BNP leader Nick Griffin to attend Queen's garden party

Image caption,
As a UK MEP, Mr Griffin is entitled to attend a garden party

British National Party leader Nick Griffin has said he intends to accept an invitation to attend a garden party at Buckingham Palace this summer.

He received the invitation in his capacity as a member of the European Parliament (MEP) - all UK MEPs are asked as a matter of course.

Mr Griffin was set to attend a similar party last year but pulled out after an outcry over his possible appearance.

A Labour MP has described the idea of Mr Griffin attending as "sickening"

Mr Griffin failed in his attempt to win a seat at Westminster in last month's general election and the party's share of the vote fell sharply compared with its performance in European elections a year earlier.

Guest tickets

British MEPs get tickets to one of three royal garden parties held every summer. Buckingham Palace confirmed that Mr Griffin had been invited but did not say to which of the events.

Mr Griffin said he planned to go along, telling the BBC that the "the sky wouldn't fall in" if he did so.

The BNP leader will be accompanied by family members after his request for three additional guest tickets was granted.

Labour MP Margaret Hodge, who defeated Mr Griffin at the election, said she was dismayed at the prospect.

"It sickens me that Nick Griffin has used his position as an elected representative to secure an invitation to Buckingham Palace," she said.

"The best way to deal with the BNP is the way we dealt with them in Barking & Dagenham, which is to beat them at the ballot box."

The BBC's Royal Correspondent Peter Hunt said critics had so far stopped short of calling on royal officials to reconsider inviting him.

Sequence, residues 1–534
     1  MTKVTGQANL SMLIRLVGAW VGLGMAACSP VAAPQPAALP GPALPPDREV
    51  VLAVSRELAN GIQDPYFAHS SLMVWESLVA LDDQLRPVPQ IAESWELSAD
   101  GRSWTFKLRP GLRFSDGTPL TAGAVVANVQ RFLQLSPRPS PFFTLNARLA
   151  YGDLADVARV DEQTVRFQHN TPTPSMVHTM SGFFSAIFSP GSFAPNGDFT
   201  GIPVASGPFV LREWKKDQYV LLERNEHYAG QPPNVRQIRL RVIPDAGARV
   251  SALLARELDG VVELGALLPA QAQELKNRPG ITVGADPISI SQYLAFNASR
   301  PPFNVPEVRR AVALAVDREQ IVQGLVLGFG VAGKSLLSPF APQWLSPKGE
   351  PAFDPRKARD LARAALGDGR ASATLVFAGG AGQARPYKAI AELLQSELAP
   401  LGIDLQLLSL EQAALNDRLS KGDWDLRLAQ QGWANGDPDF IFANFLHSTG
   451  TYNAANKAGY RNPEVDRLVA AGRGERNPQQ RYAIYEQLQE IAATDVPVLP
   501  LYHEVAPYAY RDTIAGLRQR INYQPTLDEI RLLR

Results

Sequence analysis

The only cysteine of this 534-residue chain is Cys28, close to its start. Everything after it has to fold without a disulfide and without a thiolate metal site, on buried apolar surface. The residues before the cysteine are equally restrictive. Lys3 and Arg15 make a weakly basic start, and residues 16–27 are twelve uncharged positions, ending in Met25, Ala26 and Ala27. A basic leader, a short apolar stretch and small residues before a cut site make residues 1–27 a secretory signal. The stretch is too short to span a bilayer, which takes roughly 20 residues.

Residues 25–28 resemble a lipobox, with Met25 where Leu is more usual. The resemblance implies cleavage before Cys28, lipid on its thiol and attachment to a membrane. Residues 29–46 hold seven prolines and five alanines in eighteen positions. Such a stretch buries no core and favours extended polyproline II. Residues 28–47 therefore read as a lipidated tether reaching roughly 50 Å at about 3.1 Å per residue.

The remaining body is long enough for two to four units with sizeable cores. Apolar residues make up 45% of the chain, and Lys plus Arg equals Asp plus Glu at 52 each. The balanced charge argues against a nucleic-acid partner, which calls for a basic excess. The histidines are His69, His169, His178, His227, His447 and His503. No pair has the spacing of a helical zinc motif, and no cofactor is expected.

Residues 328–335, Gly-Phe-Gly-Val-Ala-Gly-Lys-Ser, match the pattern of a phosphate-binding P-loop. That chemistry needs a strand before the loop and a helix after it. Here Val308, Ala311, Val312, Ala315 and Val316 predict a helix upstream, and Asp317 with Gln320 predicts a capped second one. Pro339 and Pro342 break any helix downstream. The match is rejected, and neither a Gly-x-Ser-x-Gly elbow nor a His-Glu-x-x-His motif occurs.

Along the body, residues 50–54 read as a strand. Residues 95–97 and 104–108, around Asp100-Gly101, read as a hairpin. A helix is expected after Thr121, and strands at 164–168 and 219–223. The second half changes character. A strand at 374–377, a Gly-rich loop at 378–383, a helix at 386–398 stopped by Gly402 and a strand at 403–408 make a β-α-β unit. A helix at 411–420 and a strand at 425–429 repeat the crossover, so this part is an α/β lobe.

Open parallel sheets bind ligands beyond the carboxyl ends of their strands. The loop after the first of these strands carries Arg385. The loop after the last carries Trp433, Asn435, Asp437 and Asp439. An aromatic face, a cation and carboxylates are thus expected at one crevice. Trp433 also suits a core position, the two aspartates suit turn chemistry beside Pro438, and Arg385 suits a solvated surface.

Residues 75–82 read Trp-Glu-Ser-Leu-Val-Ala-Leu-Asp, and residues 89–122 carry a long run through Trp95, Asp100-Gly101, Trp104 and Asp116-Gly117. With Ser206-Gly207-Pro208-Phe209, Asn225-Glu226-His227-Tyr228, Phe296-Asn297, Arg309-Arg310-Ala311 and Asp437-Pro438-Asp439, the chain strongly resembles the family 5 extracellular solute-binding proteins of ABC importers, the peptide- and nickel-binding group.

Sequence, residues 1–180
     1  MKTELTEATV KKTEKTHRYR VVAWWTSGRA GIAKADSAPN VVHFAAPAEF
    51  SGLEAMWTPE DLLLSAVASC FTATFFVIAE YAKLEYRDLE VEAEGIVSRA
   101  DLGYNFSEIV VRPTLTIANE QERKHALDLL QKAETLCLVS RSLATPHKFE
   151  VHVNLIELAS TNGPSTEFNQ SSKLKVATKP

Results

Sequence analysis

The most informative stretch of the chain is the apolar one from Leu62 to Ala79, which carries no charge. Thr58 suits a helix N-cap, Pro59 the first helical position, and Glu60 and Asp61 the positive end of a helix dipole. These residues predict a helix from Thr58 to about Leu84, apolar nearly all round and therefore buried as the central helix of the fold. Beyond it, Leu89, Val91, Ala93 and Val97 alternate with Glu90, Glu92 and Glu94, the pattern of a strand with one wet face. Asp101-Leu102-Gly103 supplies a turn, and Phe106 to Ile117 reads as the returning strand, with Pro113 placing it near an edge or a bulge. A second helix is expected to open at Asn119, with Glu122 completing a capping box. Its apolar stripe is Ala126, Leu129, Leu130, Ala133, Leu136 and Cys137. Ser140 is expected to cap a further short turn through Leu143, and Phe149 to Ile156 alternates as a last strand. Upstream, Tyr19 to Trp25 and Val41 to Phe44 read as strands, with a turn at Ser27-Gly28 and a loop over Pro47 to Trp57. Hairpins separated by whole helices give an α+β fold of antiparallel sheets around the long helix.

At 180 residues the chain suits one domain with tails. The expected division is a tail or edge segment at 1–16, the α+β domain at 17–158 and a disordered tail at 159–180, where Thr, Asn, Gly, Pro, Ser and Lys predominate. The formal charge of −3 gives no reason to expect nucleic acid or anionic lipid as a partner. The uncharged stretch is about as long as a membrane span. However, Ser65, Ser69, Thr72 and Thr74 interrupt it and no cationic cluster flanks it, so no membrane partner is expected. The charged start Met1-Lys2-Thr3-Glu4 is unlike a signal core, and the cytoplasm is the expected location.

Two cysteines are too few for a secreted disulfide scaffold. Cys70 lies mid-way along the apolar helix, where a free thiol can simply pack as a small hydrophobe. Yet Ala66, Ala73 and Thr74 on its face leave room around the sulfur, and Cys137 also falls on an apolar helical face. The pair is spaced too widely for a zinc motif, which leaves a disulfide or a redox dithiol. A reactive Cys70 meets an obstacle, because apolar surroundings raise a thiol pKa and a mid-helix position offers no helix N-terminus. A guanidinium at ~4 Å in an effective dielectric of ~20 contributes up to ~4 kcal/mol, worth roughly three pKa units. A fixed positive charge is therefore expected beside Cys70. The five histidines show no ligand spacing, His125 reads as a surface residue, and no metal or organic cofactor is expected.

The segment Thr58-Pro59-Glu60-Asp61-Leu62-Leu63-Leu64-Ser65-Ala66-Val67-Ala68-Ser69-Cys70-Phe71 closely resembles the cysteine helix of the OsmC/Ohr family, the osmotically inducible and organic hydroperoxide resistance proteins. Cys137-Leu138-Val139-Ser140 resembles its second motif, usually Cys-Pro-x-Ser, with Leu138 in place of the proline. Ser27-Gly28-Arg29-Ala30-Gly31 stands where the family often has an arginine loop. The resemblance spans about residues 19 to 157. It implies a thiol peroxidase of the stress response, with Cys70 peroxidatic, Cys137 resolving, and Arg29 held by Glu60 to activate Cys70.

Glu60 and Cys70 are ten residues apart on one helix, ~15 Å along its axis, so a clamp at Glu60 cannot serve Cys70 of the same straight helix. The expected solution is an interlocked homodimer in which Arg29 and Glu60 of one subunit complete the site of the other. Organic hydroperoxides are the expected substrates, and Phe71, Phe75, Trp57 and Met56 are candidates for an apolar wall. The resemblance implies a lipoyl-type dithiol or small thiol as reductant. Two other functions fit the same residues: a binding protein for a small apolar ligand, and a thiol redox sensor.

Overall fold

However, he added that for the second time in a year what is a genteel social occasion - whose participants reflect the diversity of the UK's population - is taking on a political dimension.


Although Mr Griffin was not an MEP at the time, he was invited last year as a guest of BNP colleague and London Assembly member Richard Barnbrook.

The possibility of him being present prompted widespread criticism, with London Mayor Boris Johnson saying the BNP leader would use the event as a "political stunt".

Mr Griffin said he could have secured a "great deal of publicity" by attending but had decided against it - although he described political reaction to the issue as "hysterical".

The BNP, which has two MEPs, is accused of stirring up racial hatred but the party says it is standing up for Britain's "indigenous population".

It has campaigned for an end to all future immigration and for the "voluntary resettlement" of non-white British citizens to their country of ethnic origin.

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